WHEN TO FILE A PROTECTIVE ORDER IN BUSINESS LITIGATION
Nov. 28, 2021
A protective order in California can have two different meanings. It might refer to a restraining order to keep one individual away from another individual, and it also might refer to the process of discovery in civil litigation. In discovery, the protective order guards against excessive, unreasonable, or confidentiality-breaking requests by plaintiffs for disclosure of potential evidence.
A protective order is often sought by the defense counsel when the plaintiff’s attorneys are being over-zealous in the discovery process. The order allows the defendant to have the first shot at framing how the discovery process will unfold. Absent a protective order, the plaintiff’s counsel can request a meet and confer, and if that fails, ask the judge to compel the disclosure of information being sought. This puts the odds of success on the plaintiff’s side in the discovery process.
If you are involved in business litigation in or around San Francisco, including Oakland, San Jose, San Mateo, Santa Clara, or throughout Alameda County, California and you are either seeking or being subjected to a protective order, contact the Law Offices of David H. Schwartz, INC. With 45 years of experience in business litigation, representing both plaintiffs and defendants, attorney David H. Schwartz has the knowledge and resources to provide solid legal counsel and direction.
Protective Orders in Business Litigation
The California Code of Civil Procedure, Sections 2030.010 through 2030.090 and Section 2031.061, among others, requires the court “to protect any party or other person from unwarranted annoyance, embarrassment, or oppression, or undue burden and expense” in face of a demand for the “inspection, copying, testing, or sampling of documents, tangible things, places, or electronically stored information” or for any interrogatories (questions) directed against individuals or business entities.
A protective order can be sought to:
Exclude certain items or categories of items listed in a discovery demand
Require that the method of discovery be an oral disposition instead of interrogatories to a third party
Extend the time frame for the discovery process
Move the site for producing the discovery items
Specify terms and conditions for inspecting, copying, testing, or sampling of the discovery items
Limit or preclude the disclosure of confidential research or a trade secret
Demand that the items produced be sealed and allowed to be open only by order of the court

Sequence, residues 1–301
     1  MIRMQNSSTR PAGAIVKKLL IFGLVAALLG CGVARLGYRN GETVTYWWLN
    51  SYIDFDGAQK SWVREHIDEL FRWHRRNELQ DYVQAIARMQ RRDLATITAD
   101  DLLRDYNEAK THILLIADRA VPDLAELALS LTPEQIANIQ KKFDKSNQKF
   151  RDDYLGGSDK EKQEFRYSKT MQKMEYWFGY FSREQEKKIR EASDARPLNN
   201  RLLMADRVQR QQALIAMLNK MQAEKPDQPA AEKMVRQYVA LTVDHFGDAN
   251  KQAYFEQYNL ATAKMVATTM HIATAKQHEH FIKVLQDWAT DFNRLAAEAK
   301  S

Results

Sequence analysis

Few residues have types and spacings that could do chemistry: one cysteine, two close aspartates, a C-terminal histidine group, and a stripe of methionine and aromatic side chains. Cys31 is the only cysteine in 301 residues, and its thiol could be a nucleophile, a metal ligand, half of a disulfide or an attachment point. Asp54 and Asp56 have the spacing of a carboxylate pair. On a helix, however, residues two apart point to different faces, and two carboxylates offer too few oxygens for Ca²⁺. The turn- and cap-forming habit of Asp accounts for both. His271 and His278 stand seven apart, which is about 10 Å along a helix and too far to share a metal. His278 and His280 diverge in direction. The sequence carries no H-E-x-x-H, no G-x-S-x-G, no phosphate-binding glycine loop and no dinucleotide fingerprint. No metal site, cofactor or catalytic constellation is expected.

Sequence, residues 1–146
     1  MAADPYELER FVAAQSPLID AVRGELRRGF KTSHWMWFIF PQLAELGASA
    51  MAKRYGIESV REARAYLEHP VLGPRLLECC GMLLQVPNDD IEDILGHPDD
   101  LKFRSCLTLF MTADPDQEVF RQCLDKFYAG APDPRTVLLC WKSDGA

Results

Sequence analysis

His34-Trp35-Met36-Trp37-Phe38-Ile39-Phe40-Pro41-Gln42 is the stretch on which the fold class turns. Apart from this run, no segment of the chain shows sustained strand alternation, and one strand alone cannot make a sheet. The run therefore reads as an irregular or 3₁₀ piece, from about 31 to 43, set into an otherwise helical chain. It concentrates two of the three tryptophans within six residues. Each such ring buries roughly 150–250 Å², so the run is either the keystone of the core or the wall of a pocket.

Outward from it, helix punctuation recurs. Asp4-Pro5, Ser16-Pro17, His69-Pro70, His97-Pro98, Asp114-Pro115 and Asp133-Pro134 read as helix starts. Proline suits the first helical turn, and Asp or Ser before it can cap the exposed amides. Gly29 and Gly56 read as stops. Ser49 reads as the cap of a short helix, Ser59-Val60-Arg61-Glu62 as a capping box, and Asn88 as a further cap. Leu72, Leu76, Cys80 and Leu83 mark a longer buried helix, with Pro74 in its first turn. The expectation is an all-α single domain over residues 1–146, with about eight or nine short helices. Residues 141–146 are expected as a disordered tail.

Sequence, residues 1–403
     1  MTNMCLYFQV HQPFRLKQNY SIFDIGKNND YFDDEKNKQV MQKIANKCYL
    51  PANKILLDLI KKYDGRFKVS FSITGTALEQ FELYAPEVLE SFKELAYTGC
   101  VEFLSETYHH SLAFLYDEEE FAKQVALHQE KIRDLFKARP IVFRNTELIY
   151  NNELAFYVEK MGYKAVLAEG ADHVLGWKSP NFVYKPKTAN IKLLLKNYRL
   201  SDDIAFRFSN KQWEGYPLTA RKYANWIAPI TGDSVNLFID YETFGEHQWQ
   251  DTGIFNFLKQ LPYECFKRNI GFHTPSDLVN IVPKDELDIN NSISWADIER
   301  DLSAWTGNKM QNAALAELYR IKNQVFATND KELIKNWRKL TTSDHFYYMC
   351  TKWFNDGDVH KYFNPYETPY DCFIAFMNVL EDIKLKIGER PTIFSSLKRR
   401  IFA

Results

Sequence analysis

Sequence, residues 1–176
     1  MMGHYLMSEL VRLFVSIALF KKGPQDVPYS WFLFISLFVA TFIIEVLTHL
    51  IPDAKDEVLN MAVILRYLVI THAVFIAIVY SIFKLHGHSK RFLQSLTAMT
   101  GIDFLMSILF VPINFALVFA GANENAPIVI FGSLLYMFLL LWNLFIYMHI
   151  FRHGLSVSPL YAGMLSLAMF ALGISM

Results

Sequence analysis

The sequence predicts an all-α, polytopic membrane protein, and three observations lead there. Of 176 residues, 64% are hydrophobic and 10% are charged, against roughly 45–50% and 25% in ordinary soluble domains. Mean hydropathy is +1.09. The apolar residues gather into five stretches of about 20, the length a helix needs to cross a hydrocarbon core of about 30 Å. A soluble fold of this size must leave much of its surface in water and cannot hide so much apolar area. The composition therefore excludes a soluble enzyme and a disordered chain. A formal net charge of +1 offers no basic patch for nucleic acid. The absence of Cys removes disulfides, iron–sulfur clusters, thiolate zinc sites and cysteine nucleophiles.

The code also requires of the court that: “If the motion for a protective order is denied in whole or in part, the court may order that the party provide or permit the discovery against which protection was sought on terms and conditions that are just.”
Unless the protective order was deemed to have been sought “with substantial justification,” the court may choose to impose monetary sanctions on the requesting party.
Justification and Timeliness of a Protective Order
The code lists reasons for a protective order as being “unwarranted annoyance, embarrassment, or oppression, or undue burden and expense.” Sometimes, the plaintiffs in a civil lawsuit will present a list of what are called interrogatories — or requests for answers to questions that may lead to the disclosure of pertinent evidence — that is so broad and burdensome that it falls into one of those categories for justifying a motion for a protective order.
The initial window for answering a request for interrogatories is 30 days, so a protective order must be sought early on in the legal proceedings.
Under Code Section 2016.40, however, the motion for a protective order must be accompanied by a meet and confer declaration. Meet and confer refers to a gathering of plaintiff and defense counsel to attempt to resolve differences relating to the discovery process and the demand for interrogatories and documents.
Who and What Are Protected?
Section 2020.090 declares that “the responding party, and any other party or affected natural person” can be subject to a protective order when presented with interrogatories by the plaintiff. The code also cites “documents, tangible things, places, or electronically stored information” under Section 2031.061.
In other words, both the people involved in the case and whatever else that can lead to admissible evidence, including documents and electronically stored data, can be sought by the plaintiff’s counsel, and likewise can be the subject of a motion for a protective order by the defense.
Experienced Legal Guidance You Can Rely On
A motion for a protective order can aid the defense by limiting the scope of the discovery process, but it can also lead to sanctions if it is deemed unwarranted or even frivolous. The plaintiff’s counsel is no doubt going to fight any protective order motion, and the resulting hearing on the motion can become quite heated. A meet and confer, if successful, might be a satisfactory alternative.
Regardless of which side you’re on in business litigation — plaintiff or defendant — the Law Offices of David H. Schwartz, INC. stands ready to provide solid legal counsel and represent you vigorously in court. If you’re located in the greater San Francisco Bay Area, or in the neighboring Alameda County areas of Oakland, San Jose, San Mateo, or Santa Clara, call immediately if business litigation looms on the horizon.